We take nothing by conquest thank god
1 / 16

We Take Nothing By Conquest, Thank God - PowerPoint PPT Presentation

  • Uploaded on

We Take Nothing By Conquest, Thank God. Written By: Howard Zinn in A People’s History of the United States Presentation By: Sydney Delville , CHS 245OL, Class Number 14004. Overview.

I am the owner, or an agent authorized to act on behalf of the owner, of the copyrighted work described.
Download Presentation

PowerPoint Slideshow about 'We Take Nothing By Conquest, Thank God' - italia

An Image/Link below is provided (as is) to download presentation

Download Policy: Content on the Website is provided to you AS IS for your information and personal use and may not be sold / licensed / shared on other websites without getting consent from its author.While downloading, if for some reason you are not able to download a presentation, the publisher may have deleted the file from their server.

- - - - - - - - - - - - - - - - - - - - - - - - - - E N D - - - - - - - - - - - - - - - - - - - - - - - - - -
Presentation Transcript
We take nothing by conquest thank god

We Take Nothing By Conquest, Thank God

Written By: Howard Zinn in

A People’s History of the United States

Presentation By: Sydney Delville, CHS 245OL, Class Number 14004


  • During the course of the presentation these are the important United States events and concepts that will be presented on…

    • President Thomas Jefferson

      • Louisiana Purchase

      • Mexico Independence

      • Texas apart of the United States Union

    • President James Polk Orders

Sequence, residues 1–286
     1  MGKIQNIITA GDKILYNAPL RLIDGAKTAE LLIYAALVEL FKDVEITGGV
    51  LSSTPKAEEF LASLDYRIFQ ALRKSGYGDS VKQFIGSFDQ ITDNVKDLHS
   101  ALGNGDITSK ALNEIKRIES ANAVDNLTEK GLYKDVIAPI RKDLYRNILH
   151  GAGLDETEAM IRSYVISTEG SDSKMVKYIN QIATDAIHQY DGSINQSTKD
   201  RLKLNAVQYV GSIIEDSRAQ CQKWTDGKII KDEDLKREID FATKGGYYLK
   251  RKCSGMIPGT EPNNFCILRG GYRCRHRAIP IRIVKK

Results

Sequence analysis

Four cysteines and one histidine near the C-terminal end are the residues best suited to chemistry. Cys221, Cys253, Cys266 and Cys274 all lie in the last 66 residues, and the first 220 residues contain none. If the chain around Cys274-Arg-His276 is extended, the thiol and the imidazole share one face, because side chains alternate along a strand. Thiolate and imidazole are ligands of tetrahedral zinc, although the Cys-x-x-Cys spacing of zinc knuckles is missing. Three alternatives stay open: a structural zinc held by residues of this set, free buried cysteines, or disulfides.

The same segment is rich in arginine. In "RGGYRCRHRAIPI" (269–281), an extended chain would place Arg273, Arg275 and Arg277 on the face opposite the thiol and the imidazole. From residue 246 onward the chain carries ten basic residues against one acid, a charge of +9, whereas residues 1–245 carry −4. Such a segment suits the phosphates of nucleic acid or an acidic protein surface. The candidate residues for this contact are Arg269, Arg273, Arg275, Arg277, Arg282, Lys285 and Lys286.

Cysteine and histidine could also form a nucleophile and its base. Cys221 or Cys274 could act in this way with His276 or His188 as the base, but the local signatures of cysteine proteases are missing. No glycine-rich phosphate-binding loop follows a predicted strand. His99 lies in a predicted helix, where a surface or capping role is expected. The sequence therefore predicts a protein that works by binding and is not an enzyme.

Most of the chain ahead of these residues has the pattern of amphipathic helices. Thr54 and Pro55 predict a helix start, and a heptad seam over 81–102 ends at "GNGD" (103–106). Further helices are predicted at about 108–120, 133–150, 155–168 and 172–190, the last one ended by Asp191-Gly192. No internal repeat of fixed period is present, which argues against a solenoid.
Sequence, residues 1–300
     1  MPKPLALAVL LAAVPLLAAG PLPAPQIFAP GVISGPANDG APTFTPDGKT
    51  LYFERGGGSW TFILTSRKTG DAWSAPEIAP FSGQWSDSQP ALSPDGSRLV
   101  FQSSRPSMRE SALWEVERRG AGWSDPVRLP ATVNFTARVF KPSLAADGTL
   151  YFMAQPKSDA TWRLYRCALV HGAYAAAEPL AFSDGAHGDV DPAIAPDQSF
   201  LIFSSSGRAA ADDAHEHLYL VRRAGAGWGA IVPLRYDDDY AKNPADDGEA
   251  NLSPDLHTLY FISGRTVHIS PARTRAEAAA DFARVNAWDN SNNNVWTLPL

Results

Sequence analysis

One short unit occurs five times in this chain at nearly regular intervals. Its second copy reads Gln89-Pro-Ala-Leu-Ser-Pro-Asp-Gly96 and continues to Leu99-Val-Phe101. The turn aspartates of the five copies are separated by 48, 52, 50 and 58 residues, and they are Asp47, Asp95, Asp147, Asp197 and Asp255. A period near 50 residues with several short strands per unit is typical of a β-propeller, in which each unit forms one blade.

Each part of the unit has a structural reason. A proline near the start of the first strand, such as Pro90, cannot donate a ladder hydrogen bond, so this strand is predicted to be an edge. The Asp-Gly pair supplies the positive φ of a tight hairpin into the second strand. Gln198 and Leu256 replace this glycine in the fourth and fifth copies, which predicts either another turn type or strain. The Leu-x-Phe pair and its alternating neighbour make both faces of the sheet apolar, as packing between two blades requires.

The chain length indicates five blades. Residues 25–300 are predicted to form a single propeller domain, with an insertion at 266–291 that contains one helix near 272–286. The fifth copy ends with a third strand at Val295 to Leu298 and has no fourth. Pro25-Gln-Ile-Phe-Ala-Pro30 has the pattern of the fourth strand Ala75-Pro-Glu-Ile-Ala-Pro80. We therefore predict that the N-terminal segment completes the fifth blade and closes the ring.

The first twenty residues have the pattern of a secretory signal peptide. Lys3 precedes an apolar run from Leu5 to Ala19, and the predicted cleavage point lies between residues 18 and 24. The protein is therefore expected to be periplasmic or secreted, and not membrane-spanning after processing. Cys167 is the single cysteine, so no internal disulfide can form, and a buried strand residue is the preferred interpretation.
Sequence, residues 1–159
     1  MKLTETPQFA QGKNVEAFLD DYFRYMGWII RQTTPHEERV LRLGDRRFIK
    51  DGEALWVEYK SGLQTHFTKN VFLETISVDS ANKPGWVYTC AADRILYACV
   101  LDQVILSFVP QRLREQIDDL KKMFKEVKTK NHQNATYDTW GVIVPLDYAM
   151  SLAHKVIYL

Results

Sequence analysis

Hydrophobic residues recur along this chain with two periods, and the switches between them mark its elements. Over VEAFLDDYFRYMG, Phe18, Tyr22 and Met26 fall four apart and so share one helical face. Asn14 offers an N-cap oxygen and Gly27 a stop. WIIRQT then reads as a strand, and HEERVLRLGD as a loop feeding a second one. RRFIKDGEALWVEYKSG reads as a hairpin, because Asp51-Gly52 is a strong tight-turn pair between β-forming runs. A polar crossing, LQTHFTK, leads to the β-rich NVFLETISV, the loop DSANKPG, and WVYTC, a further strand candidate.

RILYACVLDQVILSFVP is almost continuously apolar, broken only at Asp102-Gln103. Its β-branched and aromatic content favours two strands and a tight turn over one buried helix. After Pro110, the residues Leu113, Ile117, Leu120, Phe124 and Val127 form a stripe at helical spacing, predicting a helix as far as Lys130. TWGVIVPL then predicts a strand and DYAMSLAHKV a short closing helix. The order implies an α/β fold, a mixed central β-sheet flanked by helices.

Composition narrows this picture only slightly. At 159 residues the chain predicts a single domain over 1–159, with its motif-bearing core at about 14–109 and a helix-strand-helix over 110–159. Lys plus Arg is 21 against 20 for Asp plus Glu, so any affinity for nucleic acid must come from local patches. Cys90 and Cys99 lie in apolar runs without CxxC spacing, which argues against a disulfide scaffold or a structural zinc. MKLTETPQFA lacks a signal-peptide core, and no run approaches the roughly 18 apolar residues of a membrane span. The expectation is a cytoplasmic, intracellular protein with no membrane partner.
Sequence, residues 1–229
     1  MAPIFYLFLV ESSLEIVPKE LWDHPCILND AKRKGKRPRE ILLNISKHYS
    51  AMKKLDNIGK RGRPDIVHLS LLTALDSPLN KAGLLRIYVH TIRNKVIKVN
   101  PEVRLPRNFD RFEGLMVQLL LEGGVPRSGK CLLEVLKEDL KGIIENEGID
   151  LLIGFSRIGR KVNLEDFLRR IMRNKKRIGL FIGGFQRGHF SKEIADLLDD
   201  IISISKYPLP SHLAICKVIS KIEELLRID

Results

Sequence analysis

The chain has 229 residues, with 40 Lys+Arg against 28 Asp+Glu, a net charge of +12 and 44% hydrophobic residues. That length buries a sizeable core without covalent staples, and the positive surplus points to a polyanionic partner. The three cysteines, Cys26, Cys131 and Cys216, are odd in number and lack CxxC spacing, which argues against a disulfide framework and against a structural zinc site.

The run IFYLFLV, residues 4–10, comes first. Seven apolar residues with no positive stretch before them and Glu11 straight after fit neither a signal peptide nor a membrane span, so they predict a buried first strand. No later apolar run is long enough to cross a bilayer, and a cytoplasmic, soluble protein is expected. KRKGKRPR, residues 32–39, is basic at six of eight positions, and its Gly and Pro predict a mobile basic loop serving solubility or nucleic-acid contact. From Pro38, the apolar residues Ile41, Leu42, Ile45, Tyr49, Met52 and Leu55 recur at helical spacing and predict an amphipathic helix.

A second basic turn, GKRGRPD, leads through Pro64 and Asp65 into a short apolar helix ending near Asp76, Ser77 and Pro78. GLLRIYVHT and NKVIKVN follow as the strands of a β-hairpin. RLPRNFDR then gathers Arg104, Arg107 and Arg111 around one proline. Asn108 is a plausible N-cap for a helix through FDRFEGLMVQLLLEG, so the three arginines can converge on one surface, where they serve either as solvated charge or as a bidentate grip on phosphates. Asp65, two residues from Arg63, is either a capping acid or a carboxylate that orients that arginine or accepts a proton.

• The Start of the acquisition of California

      • Invasion of Rio Grande

    • Start of the Mexican- American War

      • Spring of 1846

      • President Polk push for the declaration of war against Mexico

    • Congress get push to declare War Against Mexico

      • Democrat Party wants to declare war, Whig Party does not

      • Measure passed 40-2, thus, Congress declares war on Mexico

      • Anti-Slavery Congress members did not want to declare war on Mexico

        Voluntary draft

    • Support for the Mexican- American War

    • Soldiers of the War

      • Lack of water and resources

      • Horrible conditions

    • Solider Recruitment: Continuation of Solider of the War

      • First there was a lot of recruitment but recruitment stopped

      • German and Irish immigrants

    • Update on the Battlefield

    • Independence of the States

      • California and New Mexico invasion

      • Mexican revolts rebel and fight back

    • Mexican American War, The End is Near

    • In the end

President thomas jefferson
President Thomas Jefferson

  • Louisiana Purchase (Primary Documents of History, Library of Congress)

    • Occurred on October 20, 1803, when the United States purchased Louisiana Territory from France for $15 million

    • Doubled the territory of the United States extending into the Rocky Mountains

  • Mexico gained Independence

    • In 1821 Mexico won independence from Spain. Mexico at the time included Texas, New Mexico, Utah, Nevada, Arizona, California and a part of Colorado.

  • In 1836 Texas broke off from Mexico and declared itself “Lone Star Republic”

    • In 1845 Texas was brought into the Union as a state of the United States

Louisiana Purchase

Mexico’s territory in 1821

President james polk
President James Polk

  • President James Polk entered the White House as an expansionist

    • On the night of his inauguration he confessed to his Secretary of the Navy that one of his major objectives was the acquisition of California.

  • The start of the acquisition of California

    • President Polk ordered General Zachary Taylor the twelfth president of the United States, to move troops to the Rio Grande in order to challenge the Mexicans

    • General Taylor did not agree with the idea of annexation of Texas, but since getting his marching orders his attitudes changed

    • General Taylor moved troops to Corpus Christi, Texas just cross the Nueces River

    • In February 1846 the troops then moved down the Gulf Coast to the Rio Grande